Late Neogene marine osmium isotopic records of the Mediterranean and Atlantic sediments

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http://meetingorganizer.copernicus.org/EGU2017/EGU2017-8152.pdf
Author(s): Kuroda, Junichiro; Jimenez-Espejo, Francisco J.; Nozaki, Tatsuo; Gennari, Rocco; Lugli, Stefano; Manzi, Vinicio; Roveri, Marco; Flecker, Rachel; Sierro, Francisco J.; Yoshimura, Toshihiro; Suzuki, Katsuhiko; Ohkouchi, Naohiko
Author Affiliation(s): Primary:
University of Tokyo, Atmosphere and Ocean Research Institute, Kashiwa, Japan
Other:
Japan Agency for Marine-Earth Science and Technology, Japan
University of Parma, Italy
University of Turin, Italy
University of Modena and Reggio Emilia, Italy
University of Bristol, United Kingdom
University of Salamanca, Spain
Volume Title: European Geosciences Union general assembly 2017
Source: Geophysical Research Abstracts, Vol.19; European Geosciences Union general assembly 2017, Vienna, Austria, April 23-28, 2017. Publisher: Copernicus GmbH on behalf of the European Geosciences Union (EGU), Katlenburg-Lindau, Germany. ISSN: 1029-7006
Note: In English
Summary: The Mediterranean Sea experienced a salinity crisis at Messinian, the end of Miocene (5.97 to 5.33 Ma) that resulted in the precipitation of thick evaporites (i.e., Mediterranean salt giant) in deep and marginal basins [1]. We report osmium isotopic records (187Os/188Os) of sediments from DSDP and ODP sites in the Mediterranean Sea: the Balearic Sea (Site 372), the Tyrrhenian Sea (Site 654), the Ionian Basin (Site 374) and the Florence Rise (Sites 375-376), as well as the Gulf of Cadiz, North Atlantic (IODP Site U1387) [2]. Pliocene-Pleistocene sediments from all sites show isotopic values close to that of the coeval ocean water, indicating that the Mediterranean was connected to the North Atlantic. Messinian evaporitic sediments deposited during the salinity crisis, however, have values significantly lower than the coeval ocean water value. This offset is attributed to a limited inflow from the North Atlantic during the salinity crisis. The unradiogenic osmium is likely to be supplied by weathering of ultramafic rocks (ophiolites) cropping out in the Mediterranean drainage area. A box model shows that the Atlantic-Mediterranean exchange rate dropped to about one twentieth. Osmium isotopic ratios of the pre-evaporite sediments in the western Mediterranean are nearly identical to that of the coeval ocean water. In contrast, equivalent sediments from the Florence Rise have significantly lower isotopic values. This offset could be attributed either to limited water exchange between eastern and western Mediterranean, or to a local effect such as exhumation of the Troodos ophiolite in Cyprus. Roveri et al. (2014) Marine Geology 352, 25-58. Kuroda et al. (2016) Paleoceanography 31, 148-166. [Copyright Author(s) 2017. CC Attribution 3.0 License: https://creativecommons.org/licenses/by/3.0/legalcode]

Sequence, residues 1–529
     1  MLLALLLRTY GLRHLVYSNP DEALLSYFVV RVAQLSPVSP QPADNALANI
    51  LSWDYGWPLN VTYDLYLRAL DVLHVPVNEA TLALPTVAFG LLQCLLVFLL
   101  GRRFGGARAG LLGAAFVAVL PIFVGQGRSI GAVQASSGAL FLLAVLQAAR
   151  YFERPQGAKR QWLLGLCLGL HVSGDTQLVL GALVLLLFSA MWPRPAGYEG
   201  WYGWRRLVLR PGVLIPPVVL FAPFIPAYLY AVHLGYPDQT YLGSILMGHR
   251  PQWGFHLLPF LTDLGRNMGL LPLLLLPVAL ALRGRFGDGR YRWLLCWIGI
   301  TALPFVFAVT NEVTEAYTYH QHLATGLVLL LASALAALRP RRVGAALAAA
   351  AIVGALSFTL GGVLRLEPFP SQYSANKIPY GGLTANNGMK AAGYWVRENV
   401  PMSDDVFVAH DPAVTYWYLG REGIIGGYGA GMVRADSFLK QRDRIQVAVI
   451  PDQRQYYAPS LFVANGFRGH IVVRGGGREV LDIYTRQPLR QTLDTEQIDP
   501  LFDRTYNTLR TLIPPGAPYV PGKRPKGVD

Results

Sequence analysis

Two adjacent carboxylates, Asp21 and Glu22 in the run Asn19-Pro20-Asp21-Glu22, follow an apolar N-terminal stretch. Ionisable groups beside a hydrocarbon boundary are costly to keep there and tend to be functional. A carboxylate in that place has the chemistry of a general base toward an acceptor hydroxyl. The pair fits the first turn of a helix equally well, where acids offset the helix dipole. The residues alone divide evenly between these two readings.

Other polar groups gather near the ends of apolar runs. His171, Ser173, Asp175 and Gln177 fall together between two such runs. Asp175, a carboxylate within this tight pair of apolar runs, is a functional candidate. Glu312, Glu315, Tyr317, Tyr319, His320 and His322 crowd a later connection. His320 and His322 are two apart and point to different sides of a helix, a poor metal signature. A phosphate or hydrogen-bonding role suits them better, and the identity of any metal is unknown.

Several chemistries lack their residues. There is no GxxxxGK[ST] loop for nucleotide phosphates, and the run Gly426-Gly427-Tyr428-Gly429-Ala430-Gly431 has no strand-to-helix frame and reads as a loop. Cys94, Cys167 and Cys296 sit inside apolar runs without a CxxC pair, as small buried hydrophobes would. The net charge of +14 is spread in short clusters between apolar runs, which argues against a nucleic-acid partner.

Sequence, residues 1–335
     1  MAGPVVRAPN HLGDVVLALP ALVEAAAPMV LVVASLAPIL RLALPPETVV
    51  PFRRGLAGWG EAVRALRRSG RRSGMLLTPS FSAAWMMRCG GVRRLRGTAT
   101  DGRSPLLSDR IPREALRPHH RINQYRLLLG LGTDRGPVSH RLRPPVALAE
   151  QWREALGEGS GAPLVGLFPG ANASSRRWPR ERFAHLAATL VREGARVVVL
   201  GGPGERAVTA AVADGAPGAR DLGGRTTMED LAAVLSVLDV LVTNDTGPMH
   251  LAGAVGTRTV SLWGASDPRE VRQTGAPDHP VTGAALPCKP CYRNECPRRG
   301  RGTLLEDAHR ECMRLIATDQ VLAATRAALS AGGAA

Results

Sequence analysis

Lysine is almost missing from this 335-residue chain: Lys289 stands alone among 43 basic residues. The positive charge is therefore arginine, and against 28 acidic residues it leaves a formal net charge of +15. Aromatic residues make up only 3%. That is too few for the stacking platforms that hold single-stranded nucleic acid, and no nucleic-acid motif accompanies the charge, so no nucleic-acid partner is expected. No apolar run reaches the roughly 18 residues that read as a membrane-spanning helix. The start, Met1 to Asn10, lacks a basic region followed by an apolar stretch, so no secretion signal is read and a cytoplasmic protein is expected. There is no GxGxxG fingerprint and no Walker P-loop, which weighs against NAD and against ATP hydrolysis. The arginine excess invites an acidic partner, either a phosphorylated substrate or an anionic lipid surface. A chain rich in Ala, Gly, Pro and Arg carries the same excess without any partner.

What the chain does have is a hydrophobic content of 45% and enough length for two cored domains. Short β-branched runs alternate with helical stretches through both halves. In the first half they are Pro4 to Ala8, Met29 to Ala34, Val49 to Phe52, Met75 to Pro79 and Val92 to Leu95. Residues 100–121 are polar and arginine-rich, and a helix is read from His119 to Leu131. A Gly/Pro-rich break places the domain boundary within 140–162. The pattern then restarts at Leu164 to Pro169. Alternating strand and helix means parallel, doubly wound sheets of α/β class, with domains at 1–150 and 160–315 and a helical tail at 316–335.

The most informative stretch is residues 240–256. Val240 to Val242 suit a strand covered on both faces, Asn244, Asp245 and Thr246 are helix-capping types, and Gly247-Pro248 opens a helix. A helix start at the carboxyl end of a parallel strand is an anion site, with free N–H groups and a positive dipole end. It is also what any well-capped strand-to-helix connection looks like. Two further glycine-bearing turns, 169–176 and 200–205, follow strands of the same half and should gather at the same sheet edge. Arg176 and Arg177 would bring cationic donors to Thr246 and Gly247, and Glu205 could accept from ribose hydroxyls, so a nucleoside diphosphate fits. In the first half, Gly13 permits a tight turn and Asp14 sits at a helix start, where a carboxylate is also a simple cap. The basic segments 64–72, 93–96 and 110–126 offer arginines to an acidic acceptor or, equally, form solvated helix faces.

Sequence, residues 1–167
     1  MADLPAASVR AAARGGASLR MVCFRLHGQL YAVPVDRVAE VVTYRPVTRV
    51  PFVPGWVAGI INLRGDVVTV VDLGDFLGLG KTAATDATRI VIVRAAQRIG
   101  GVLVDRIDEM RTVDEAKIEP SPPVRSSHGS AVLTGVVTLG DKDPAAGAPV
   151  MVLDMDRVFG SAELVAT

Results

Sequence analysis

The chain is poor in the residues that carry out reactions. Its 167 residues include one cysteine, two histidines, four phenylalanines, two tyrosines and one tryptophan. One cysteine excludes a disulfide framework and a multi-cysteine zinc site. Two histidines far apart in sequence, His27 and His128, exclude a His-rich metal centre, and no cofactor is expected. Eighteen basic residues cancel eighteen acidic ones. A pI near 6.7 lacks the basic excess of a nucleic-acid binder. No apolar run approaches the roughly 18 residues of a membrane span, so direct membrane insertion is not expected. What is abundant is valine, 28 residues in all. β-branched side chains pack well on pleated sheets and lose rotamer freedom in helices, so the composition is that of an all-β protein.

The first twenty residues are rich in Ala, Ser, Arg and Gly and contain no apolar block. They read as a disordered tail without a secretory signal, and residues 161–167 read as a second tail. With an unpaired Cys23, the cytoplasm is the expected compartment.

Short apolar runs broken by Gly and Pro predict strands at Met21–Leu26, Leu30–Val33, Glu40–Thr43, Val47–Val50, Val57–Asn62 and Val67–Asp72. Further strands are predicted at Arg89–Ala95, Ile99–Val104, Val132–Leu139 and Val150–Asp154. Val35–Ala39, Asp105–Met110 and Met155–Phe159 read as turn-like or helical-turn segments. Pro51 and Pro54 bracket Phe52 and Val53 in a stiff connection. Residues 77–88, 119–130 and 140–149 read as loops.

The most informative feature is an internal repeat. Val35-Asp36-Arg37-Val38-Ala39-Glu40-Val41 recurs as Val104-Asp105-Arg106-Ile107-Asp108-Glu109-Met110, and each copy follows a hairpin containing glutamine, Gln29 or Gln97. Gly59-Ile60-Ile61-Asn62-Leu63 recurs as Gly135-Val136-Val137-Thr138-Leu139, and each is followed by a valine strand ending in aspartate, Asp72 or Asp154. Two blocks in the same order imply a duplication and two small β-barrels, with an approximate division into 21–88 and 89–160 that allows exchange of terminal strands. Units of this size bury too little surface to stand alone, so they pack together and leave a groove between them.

Year of Publication: 2017
Research Program: DSDP Deep Sea Drilling Project
IODP Integrated Ocean Drilling Program
ODP Ocean Drilling Program
Key Words: 12 Stratigraphy, Historical Geology and Paleoecology; Atlantic Ocean; Balearic Basin; DSDP Site 372; DSDP Site 374; DSDP Site 375; DSDP Site 376; Deep Sea Drilling Project; East Mediterranean; Expedition 339; Florence Rise; Gulf of Cadiz; IODP Site U1387; Integrated Ocean Drilling Program; Ionian Sea; Leg 107; Leg 42A; Mediterranean Sea; North Atlantic; ODP Site 654; Ocean Drilling Program; Tyrrhenian Sea; West Mediterranean
Coordinates: N400152 N400154 E0044747 E0044747
N364819 N364820 W0074308 W0074308
N344544 N344545 E0304535 E0304534
Record ID: 2018041163
Copyright Information: GeoRef, Copyright 2019 American Geosciences Institute. Reference includes data from European Geosciences Union, Munich, Germany